Radicals, Antioxidants and Life
Radicals are molecules, atoms or ions that have an unpaired (extra) electron in their outer (electron) shell. Unpaired electrons are highly reactive and play a part in many of many chemical reactions and biological processes.
Since these radicals are so reactive, they need to be tightly controlled in biologic environments, because excess radicals can cause damage to living cells. What kind of damage are we talking about? Damage to DNA that can cause mutations that can lead to cancer or damage to the lipid structure of cell membranes.
There are many different radicals, but for the scope of this article, we are just illustrating the role of oxygen radicals or oxygen reactive species. Oxygen usually has two unpaired electrons in the outer shell and that makes oxygen highly susceptible to radical formation.
Oxygen has an important role in energy production in our bodies and oxygen ultimately gets reduced (accepts electrons) to water inside the mitochondria. However, oxygen may form reactive oxygen species anywhere in the body by accepting just 1 electron and thus forming the radical superoxide (O2-). The superoxide radical can pick up 1 more unpaired electron and form peroxide (as in hydrogen-peroxide).
Reactive oxygen species are important in a number of biological pathways, such as those produced by phagocytes for the elimination of invading pathogens or produced by cells in the thyroid gland to produce thyroid hormone. But an excess of reactive oxygen species can be harmful to cells, in particular when these radicals damage cellular membranes (lipid peroxidation). In this process, the radical “attacks” the unsaturated fatty acids that are part of the lipid bi-layer of cell membranes. This can result in membrane rigidity, loss in permeability and diminished activity of membrane-bound enzymes.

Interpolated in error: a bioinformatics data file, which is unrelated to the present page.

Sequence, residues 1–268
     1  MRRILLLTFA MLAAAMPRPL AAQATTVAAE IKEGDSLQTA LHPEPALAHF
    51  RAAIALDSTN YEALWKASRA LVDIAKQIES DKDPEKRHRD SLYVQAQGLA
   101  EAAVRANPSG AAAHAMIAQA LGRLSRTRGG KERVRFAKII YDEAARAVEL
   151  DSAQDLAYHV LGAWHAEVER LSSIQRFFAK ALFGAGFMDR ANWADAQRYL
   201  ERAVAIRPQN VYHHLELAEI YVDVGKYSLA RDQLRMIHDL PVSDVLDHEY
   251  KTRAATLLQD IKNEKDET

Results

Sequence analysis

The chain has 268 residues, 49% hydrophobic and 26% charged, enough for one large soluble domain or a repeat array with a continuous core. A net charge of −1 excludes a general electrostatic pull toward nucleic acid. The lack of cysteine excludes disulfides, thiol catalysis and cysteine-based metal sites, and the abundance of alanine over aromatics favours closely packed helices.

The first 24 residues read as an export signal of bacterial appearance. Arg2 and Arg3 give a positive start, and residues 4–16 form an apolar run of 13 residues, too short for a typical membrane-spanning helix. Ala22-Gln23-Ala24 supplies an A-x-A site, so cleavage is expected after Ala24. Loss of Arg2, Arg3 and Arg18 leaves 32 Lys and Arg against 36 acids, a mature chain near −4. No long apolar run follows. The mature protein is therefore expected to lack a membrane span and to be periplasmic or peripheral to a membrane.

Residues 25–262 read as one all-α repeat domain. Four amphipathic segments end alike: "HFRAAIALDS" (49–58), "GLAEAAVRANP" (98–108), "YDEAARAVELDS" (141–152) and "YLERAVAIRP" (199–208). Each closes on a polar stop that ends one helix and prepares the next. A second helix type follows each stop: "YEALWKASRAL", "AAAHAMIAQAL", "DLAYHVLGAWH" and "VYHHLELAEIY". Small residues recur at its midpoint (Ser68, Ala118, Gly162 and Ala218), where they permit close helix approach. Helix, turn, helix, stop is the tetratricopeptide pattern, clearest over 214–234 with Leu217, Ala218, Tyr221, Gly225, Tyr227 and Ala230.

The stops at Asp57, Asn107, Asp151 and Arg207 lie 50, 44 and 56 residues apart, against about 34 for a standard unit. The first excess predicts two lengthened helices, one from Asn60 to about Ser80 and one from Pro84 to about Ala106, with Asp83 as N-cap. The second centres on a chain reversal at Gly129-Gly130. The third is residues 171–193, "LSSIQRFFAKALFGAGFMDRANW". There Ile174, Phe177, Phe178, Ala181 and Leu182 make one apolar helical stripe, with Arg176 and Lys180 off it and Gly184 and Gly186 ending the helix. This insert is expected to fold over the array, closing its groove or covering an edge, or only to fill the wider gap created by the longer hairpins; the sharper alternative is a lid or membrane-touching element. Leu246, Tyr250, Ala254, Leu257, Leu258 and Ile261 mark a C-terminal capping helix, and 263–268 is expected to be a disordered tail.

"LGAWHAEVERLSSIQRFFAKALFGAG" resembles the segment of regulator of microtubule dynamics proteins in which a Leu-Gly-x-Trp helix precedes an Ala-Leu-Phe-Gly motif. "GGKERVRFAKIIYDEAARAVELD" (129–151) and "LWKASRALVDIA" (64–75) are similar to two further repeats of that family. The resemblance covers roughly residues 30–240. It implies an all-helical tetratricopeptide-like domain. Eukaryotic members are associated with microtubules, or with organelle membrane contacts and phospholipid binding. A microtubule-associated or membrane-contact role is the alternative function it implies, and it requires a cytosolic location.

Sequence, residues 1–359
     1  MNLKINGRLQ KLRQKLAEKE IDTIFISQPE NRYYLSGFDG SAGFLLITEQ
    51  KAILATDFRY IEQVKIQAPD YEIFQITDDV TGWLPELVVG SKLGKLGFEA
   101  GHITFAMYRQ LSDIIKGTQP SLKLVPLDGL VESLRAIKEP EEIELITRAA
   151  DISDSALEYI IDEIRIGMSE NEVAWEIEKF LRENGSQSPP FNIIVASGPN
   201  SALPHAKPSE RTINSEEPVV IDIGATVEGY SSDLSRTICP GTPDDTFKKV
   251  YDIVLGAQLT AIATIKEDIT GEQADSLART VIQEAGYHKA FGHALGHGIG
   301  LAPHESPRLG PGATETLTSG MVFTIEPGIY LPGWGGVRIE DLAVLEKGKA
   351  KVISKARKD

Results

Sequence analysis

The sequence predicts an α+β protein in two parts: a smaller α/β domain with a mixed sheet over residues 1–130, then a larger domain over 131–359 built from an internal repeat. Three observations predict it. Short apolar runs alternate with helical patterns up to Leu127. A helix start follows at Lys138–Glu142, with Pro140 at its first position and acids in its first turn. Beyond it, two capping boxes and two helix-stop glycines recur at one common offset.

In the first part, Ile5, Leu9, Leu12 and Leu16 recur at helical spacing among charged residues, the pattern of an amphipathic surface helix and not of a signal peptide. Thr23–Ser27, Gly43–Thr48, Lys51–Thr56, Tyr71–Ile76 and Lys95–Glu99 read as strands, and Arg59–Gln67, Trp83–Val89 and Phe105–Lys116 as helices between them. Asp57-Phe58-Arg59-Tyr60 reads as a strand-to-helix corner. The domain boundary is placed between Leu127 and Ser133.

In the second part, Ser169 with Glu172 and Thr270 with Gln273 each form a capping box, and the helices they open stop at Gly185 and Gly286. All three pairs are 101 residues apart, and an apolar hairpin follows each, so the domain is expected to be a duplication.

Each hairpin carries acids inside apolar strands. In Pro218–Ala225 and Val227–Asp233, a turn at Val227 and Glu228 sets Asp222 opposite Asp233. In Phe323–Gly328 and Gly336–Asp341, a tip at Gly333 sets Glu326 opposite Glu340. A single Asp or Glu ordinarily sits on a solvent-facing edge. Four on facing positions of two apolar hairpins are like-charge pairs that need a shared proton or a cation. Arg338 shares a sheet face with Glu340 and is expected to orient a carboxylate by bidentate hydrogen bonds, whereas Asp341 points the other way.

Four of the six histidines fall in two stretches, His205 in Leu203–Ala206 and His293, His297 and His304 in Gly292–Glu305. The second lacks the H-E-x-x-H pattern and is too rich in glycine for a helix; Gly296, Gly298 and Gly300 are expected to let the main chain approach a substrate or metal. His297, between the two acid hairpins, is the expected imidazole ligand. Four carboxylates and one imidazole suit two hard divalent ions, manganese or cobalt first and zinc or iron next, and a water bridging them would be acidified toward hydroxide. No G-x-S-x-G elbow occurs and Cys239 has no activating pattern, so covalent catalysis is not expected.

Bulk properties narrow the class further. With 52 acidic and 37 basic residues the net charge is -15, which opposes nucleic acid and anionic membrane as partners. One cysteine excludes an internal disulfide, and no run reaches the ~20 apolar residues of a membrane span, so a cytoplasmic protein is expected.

How do our cells protect themselves from the actions of free radicals?
Enzymes such as superoxide dismutase, catalase and glutathione peroxidase are important enzymes that protect the cell from oxidative stress by converting the reactive oxygen species into less reactive molecules.
Additional protection comes from non-enzyme anti oxidants, such as vitamin E, vitamin C and glutathione. Vitamin E is a lipid soluble antioxidant, which converts peroxyl radicals in cellular membranes. Vitamin C is also a strong antioxidant and also functions to recycle vitamin E radicals. Glutathione (a small peptide) can be easily oxidized by free radicals, but is regenerated quickly (in the liver).
We can obtain additional antioxidant defense from the food and fruits we eat. Many of these fruit antioxidants contain pigments and polyphenols that can easily neutralize radicals. Examples of potent and popular antioxidants are blueberries, acai, pomegranate, noni, goji and mangosteen fruit. Resveratrol (from the skin of red grapes) is also an important antioxidant.
Below are the some major groups of antioxidants found in food (incomplete list)
- Beta-carotene: Found in yellow-orange fruits and vegetables (carrots, cantaloupe) and dark leafy green vegetables (kale, spinach).
- Lycopene: Found in red-fleahed fruit and vegetables (watermellon, tomato).
- Lutein/zeaxanthin: Present in rommaine lettuce, dark leafy greens, citrus fruits, corn and egg yolks.
- Anthocyanidins: Found in berries, grapes and wine.
- Catechins: Found in tea and cocoa.
- Flavonols: Present in tea, cocoa, coffee, berries, grapes, apples and wine.
- Flavonones: Citrus fruit.
- Isoflavones-Phytoestrogens: Found in soybeans, whole wheat and flaxseed (daidzein, equol, enterolactone, genistein).
- Organosulfurs: Present in cabbage, cauliflower and Brussels sprouts.
- Quercetin: Found in apples, citrus fruits, tea and capers.
- Rutin: Found in buckwheat.
- Selenium: Found in Brazil nuts, red meat and tuna.
- Sulfides: Present in onions, garlic, leeks and chives.
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